Recently I stumbled upon an excellent post by Michael Zhang on my new favorite tech-centered photography blog, PetaPixel. Zhang starts his piece with this fantastic summary of a fascinating test with some interesting implications:
“In 2007, Washington Post writer Gene Weingarten conducted a social experiment in which he recruited one of the world’s great violinists, Joshua Bell, to play in a Washington D.C. subway station. Just two days prior to the experiment, Bell had played in a sold-out Boston theater in which ordinary tickets sold for $100 apiece. The entire experiment was filmed using a hidden camera. [I’ve included the clip below]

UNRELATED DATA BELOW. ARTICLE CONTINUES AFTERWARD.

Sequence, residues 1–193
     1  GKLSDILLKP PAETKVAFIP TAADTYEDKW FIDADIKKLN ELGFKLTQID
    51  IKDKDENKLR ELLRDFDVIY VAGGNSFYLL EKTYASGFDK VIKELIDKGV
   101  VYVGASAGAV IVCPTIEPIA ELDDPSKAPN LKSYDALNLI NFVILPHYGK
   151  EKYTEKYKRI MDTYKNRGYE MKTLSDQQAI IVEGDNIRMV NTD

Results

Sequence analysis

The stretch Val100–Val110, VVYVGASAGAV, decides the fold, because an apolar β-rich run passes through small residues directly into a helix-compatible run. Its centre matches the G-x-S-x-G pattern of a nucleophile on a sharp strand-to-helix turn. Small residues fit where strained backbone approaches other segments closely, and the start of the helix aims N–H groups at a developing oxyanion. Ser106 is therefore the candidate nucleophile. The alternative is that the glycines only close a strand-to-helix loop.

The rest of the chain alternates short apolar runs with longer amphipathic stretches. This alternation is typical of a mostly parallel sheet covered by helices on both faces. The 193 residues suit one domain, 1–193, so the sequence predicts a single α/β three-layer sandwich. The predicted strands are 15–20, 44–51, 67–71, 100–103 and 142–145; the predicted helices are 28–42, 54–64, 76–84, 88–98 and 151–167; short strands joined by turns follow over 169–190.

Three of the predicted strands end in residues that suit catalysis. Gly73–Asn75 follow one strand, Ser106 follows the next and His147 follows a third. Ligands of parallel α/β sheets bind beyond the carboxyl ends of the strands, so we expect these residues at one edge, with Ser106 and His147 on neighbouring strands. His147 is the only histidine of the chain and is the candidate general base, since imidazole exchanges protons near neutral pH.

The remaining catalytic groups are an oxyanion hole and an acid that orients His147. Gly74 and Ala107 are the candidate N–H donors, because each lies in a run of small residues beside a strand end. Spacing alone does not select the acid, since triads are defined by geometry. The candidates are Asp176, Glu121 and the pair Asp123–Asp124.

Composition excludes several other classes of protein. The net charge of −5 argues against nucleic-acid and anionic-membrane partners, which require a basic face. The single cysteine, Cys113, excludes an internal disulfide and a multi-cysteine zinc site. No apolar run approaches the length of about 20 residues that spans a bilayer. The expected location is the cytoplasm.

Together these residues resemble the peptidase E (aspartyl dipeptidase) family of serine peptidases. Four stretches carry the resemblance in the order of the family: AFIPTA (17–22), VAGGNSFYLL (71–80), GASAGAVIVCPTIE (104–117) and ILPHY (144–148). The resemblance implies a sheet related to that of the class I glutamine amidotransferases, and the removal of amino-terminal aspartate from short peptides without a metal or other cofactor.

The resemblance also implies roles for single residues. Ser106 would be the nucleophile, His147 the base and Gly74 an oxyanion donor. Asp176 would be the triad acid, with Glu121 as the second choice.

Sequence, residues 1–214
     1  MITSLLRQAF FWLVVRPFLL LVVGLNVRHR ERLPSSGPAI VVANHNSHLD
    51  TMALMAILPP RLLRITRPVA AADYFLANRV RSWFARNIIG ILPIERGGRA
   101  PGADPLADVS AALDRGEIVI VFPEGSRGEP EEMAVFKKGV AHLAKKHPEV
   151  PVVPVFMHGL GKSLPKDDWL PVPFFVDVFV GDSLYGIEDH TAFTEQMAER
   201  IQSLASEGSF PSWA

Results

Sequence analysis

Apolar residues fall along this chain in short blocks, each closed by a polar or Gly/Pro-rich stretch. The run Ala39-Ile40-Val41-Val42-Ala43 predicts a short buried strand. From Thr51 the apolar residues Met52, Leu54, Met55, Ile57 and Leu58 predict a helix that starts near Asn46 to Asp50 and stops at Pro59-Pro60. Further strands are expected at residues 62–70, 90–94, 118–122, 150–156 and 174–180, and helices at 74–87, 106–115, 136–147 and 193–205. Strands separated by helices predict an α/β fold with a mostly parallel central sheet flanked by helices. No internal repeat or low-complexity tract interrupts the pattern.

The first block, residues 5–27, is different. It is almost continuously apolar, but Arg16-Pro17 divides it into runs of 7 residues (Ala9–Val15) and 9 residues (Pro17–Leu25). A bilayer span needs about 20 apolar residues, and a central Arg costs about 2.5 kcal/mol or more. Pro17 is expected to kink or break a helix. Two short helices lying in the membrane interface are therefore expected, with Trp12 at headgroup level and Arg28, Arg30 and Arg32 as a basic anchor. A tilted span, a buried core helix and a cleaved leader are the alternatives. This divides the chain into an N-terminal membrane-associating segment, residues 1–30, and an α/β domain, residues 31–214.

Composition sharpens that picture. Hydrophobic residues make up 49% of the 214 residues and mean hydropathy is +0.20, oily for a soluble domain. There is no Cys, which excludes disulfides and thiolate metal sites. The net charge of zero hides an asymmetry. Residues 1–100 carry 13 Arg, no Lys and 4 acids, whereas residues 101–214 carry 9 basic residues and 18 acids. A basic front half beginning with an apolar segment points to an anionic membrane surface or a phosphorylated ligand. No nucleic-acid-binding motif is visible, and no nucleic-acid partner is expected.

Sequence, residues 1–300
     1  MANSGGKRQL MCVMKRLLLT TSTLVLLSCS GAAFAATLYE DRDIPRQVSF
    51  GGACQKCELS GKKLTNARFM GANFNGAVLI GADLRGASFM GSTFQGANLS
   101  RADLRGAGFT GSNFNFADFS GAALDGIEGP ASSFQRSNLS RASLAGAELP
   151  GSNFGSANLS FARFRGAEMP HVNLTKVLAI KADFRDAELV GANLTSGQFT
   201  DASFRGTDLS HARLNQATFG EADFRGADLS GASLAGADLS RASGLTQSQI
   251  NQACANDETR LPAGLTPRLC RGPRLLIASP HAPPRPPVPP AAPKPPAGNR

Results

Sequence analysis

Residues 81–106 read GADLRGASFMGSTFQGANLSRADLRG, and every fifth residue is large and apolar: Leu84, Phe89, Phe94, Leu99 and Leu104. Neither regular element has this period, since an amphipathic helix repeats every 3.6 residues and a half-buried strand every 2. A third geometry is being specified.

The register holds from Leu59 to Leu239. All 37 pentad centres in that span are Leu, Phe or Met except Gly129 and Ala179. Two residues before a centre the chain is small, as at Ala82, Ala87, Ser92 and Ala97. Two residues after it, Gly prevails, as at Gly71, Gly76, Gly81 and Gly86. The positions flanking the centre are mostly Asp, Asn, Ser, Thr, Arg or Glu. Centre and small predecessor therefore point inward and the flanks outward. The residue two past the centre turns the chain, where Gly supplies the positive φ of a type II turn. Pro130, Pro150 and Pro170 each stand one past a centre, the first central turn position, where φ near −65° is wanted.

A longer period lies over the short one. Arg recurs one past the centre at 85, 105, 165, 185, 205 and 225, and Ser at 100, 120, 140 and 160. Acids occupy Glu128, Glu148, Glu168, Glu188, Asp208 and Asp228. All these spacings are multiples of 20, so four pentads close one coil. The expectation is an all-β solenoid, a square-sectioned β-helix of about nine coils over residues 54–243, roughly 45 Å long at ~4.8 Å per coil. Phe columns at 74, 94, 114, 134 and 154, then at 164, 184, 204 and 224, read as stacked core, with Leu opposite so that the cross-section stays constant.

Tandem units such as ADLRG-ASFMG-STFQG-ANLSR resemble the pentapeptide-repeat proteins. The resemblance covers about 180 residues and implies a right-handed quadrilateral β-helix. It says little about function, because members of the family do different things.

In the end, of the 1,097 people who passed by Joshua Bell, only seven stopped to listen to the music. His 45-minute performance of six famous (though not necessarily recognizable) classical pieces earned $32.17 from 27 passersby, with some dropping pennies. As a result of his experiment and subsequent article for the Post, Weingarten won the 2008 Pulitzer Prize for feature writing.”
How does this make you feel? Would you have stopped? If you find this to be as intriguing as I do, I’d encourage you to check out Zhang’s full story by clicking here. Zhang goes on to write about some trends in contemporary photography and how they relate to Weingarten’s work. It’s a really great read.
Hope this finds you feeling healthy!